Is Atheism A Mental Illness?

Sean Thomas at the London Telegraph seems to think so….

Thanks to a couple of surveys, it’s being put about in certain circles that atheists have higher IQs than believers. That may or may not be the case, but…Let’s dispense with the crude metric of IQ and look at the actual lives led by atheists, and believers, and see how they measure up. In other words: let’s see who is living more intelligently.

And guess what: it’s the believers. A vast body of research, amassed over recent decades, shows that religious belief is physically and psychologically beneficial – to a remarkable degree.

In 2004, scholars at UCLA revealed that college students involved in religious activities are likely to have better mental health. In 2006, population researchers at the University of Texas discovered that the more often you go to church, the longer you live. In the same year researchers at Duke University in America discovered that religious people have stronger immune systems than the irreligious. They also established that churchgoers have lower blood pressure.

Meanwhile in 2009 a team of Harvard psychologists discovered that believers who checked into hospital with broken hips reported less depression, had shorter hospital stays, and could hobble further when they left hospital – as compared to their similarly crippled but heathen fellow-sufferers.

The list goes on. In the last few years scientists have revealed that believers, compared to non-believers, have better outcomes from breast cancer, coronary disease, mental illness, Aids, and rheumatoid arthritis. Believers even get better results from IVF. Likewise, believers also report greater levels of happiness, are less likely to commit suicide, and cope with stressful events much better. Believers also have more kids.

What’s more, these benefits are visible even if you adjust for the fact that believers are less likely to smoke, drink or take drugs. And let’s not forget that religious people are nicer. They certainly give more money to charity than atheists, who are, according to the very latest survey, the meanest of all.

So which is the smart party, here? Is it the atheists, who live short, selfish, stunted little lives – often childless – before they approach hopeless death in despair, and their worthless corpses are chucked in a trench (or, if they are wrong, they go to Hell)? Or is it the believers, who live longer, happier, healthier, more generous lives, and who have more kids, and who go to their quietus with ritual dignity, expecting to be greeted by a smiling and benevolent God?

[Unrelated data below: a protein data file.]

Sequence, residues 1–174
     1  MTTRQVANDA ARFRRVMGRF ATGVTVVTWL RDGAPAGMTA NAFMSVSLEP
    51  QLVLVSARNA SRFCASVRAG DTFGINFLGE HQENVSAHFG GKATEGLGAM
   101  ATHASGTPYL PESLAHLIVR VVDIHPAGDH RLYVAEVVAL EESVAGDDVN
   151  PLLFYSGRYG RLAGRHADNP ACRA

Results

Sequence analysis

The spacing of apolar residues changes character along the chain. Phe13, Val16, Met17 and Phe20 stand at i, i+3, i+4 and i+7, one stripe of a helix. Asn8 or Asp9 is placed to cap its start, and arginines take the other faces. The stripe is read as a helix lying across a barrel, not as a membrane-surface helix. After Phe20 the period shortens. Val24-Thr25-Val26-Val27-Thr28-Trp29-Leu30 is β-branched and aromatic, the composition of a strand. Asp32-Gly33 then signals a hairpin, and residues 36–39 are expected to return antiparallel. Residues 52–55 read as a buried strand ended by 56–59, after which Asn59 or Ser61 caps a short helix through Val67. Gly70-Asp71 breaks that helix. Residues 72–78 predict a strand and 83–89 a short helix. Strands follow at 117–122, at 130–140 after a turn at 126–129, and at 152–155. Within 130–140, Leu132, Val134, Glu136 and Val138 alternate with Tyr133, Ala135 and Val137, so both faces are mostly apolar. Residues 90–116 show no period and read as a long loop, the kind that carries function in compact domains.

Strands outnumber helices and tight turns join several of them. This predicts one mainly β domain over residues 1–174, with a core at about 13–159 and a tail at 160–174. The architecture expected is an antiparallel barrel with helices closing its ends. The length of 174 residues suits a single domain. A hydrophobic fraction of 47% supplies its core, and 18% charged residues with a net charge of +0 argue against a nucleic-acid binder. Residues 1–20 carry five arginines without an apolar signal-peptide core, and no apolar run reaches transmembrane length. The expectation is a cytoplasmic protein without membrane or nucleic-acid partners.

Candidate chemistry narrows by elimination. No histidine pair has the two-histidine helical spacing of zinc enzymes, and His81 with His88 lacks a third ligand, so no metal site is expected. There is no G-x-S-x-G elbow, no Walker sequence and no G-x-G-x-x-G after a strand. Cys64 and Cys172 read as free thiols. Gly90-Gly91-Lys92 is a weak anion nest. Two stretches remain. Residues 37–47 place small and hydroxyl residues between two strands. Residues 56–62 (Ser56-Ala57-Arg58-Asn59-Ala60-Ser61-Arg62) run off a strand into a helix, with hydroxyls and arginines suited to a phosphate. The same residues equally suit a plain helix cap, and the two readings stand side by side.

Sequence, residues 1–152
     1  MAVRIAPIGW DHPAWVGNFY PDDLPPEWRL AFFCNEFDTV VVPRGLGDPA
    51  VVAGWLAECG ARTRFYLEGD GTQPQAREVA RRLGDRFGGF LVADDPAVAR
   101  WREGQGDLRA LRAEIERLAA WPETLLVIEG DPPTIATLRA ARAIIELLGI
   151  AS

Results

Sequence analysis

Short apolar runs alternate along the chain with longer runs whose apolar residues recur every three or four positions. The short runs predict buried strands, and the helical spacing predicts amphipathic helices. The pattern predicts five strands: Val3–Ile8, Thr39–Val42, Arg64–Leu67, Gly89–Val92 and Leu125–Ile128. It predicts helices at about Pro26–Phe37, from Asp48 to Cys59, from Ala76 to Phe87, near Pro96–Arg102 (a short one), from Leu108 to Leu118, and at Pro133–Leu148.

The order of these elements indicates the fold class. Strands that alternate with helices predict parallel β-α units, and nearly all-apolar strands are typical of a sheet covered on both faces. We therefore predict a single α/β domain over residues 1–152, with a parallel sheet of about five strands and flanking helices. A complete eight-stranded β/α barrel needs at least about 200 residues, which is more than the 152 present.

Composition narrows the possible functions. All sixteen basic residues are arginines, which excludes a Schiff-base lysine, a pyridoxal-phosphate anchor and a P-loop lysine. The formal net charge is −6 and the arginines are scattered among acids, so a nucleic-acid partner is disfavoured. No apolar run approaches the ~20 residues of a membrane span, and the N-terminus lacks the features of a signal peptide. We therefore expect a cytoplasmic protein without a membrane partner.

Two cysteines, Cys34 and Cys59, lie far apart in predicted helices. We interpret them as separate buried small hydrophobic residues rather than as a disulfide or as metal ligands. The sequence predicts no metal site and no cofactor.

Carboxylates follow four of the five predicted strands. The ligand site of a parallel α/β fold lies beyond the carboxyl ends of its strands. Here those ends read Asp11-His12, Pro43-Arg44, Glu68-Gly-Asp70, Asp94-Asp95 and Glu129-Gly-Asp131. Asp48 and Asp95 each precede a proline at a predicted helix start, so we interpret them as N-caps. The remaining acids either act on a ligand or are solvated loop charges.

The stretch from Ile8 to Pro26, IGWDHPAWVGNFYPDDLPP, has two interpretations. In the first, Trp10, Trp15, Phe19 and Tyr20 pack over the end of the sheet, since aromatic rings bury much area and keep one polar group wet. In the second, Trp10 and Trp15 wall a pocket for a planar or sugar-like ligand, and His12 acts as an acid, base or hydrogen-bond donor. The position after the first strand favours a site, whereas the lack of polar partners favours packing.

Obviously, it’s the believers who are smarter. Anyone who thinks otherwise is mentally ill.  MORE


What is “Mental illness”  — Does Atheism Fit?

There is a lot to this.  Part of the problem, of course, is that there is no generally accepted definition of the terms “mental health” or “mental illness.”  Readers might be surprised to learn that most therapists can complete their training and not once have a meaningful discussion in class about what mental health or mental illness actually is.  We learn categories of illness and symptom checklists, but there is no generally accepted understanding of what actually constitutes a mental illness in the first place.  In order for Thomas’ assertion to be more than a slur against atheists, we need to look at what mental illness could actually be defined as.

Psychiatrist and brain researcher,  Dr. Daniel Siegel, argues that mental health represents the degree of integration within and between the mind, the body and our relationships.   He further argues that mental illness can be described as the falling out of  this state of integration and lapsing into a relative state of increased rigidity, chaos or both.  These are probably the best definitions of these terms I’ve ever encountered.

Seen in this light, I think there is a case to be made that atheism could be a mental illness.  There are many more studies like Sean Thomas points to that strongly suggest that religious believers have significantly better integration with regard to health, mental health, relationship satisfaction, and pro-social behavior.  We also know that there is strong comorbidity between atheism and high functioning autism.  In general, while the occurrence of agnosticism or personalized spiritualities is quite high, the incidence of atheism stands at 1-5% in the general population, which is consistent with other mental disorders.

Can Belief Systems Be Disorders?

It isn’t enough to say that, because atheism is a belief system it should be exempt from being considered a mental illness.  The belief that one is Napoleon is clearly evidence that something  is not right.  Also, I’m not picking on atheists, I would argue that any belief system that significantly inhibited the integration between or within one’s mind, body, and relationships was representative of, if not outright mental illness, than at least poorer mental health.  And, in fact, there are types of religiousness (aka, “extrinsic religiosity” which tends to be characterized, not by internal conversion, but rule-bound judgmentalism and angry tribalism) that have been shown by a great deal of research to be associated with poor mental health.

So, seen from this perspective, considering the relatively lower rates of mental, physical and social well-being enjoyed by atheists, it really isn’t unreasonable or inappropriate to ask if atheism either is a mental illness itself or is a contributor to poor mental well-being.


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